COVID-19 Cases are up, so Chicago’s Mask Mandate will Remain

Ever since Gov. J.B. Pritzker teased the state that he’d like to eliminate the indoor mask mandate by Thanksgiving, restaurant and bar owners have awaited an update. With the thermometer sinking and the end of daylight saving time, patio business has predictably tanked. However, early fall stats from health experts show the mandate won’t be banished anytime soon. The mask mandate was reinstated in August.

Though COVID-19 numbers declined in September and October, November has seen an increase. Axios reports that from October 21 to November 4, Chicago’s daily rate has jumped 32 percent. The city’s daily case average, as of Tuesday, sits at 382.

That’s bad news for getting rid of the mask mandate as Chicago Health Department Commissioner Dr. Allison Arwady tells Axios that the city’s average daily caseload would need to sink to under 200 for two weeks to consider lifting the requirement. Arwady blames colder weather that’s forcing more folks indoors, thus giving the virus a greater opportunity to spread. Elsewhere across the country, in warmer southern states and in cities like Atlanta, local officials have removed indoor mask requirements.

Chicago’s winters are boons to delivery and carryout sales under normal circumstances. However, bars do substantial business during the colder months. Business owners say that they’re frustrated and fatigued. They are warning Pritzker and Chicago Mayor Lori Lightfoot that they don’t want state and local officials to prematurely lift the mask mandate and then bring it back after a few weeks or months. The city and state’s vaccination rates will influence those decisions. The city’s goal is 77 percent, to match the number of Chicago neighborhoods. The good news is that the city is close as the latest figures show 65 percent of Chicagoans 12 or older have received at least one dose.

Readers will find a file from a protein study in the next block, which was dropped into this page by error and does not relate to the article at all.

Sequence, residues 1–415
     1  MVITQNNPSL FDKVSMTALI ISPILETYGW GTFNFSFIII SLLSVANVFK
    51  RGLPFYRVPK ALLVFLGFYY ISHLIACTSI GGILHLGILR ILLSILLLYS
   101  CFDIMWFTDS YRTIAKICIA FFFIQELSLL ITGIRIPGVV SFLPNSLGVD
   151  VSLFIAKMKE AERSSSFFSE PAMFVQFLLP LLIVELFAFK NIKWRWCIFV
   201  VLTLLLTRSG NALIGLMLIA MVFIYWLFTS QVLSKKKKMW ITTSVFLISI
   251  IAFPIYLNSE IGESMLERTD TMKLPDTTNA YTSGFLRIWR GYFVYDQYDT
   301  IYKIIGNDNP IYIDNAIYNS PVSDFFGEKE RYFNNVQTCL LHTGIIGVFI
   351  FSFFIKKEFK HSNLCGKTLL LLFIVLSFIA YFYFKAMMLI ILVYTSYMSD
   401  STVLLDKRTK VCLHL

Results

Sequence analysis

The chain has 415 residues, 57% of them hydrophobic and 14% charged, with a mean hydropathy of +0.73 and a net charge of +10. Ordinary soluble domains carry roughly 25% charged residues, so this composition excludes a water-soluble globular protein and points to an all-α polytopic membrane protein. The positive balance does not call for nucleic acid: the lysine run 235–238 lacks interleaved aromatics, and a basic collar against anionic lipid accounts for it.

And there’s good news for restaurants that cater to families like pizzerias and diners which have seen business plummet with parents hesitant to bring in their unvaccinated children. As kids are finally eligible for vaccines, Chicago Public Schools is joining luminaries like Big Bird in encouraging youngsters to get their shots. CPS cancelled classes on Friday to give students more time for immunizations. Yes, Mr. Rodgers, “immunized” — at least in this case — means the same thing as “vaccinated.”


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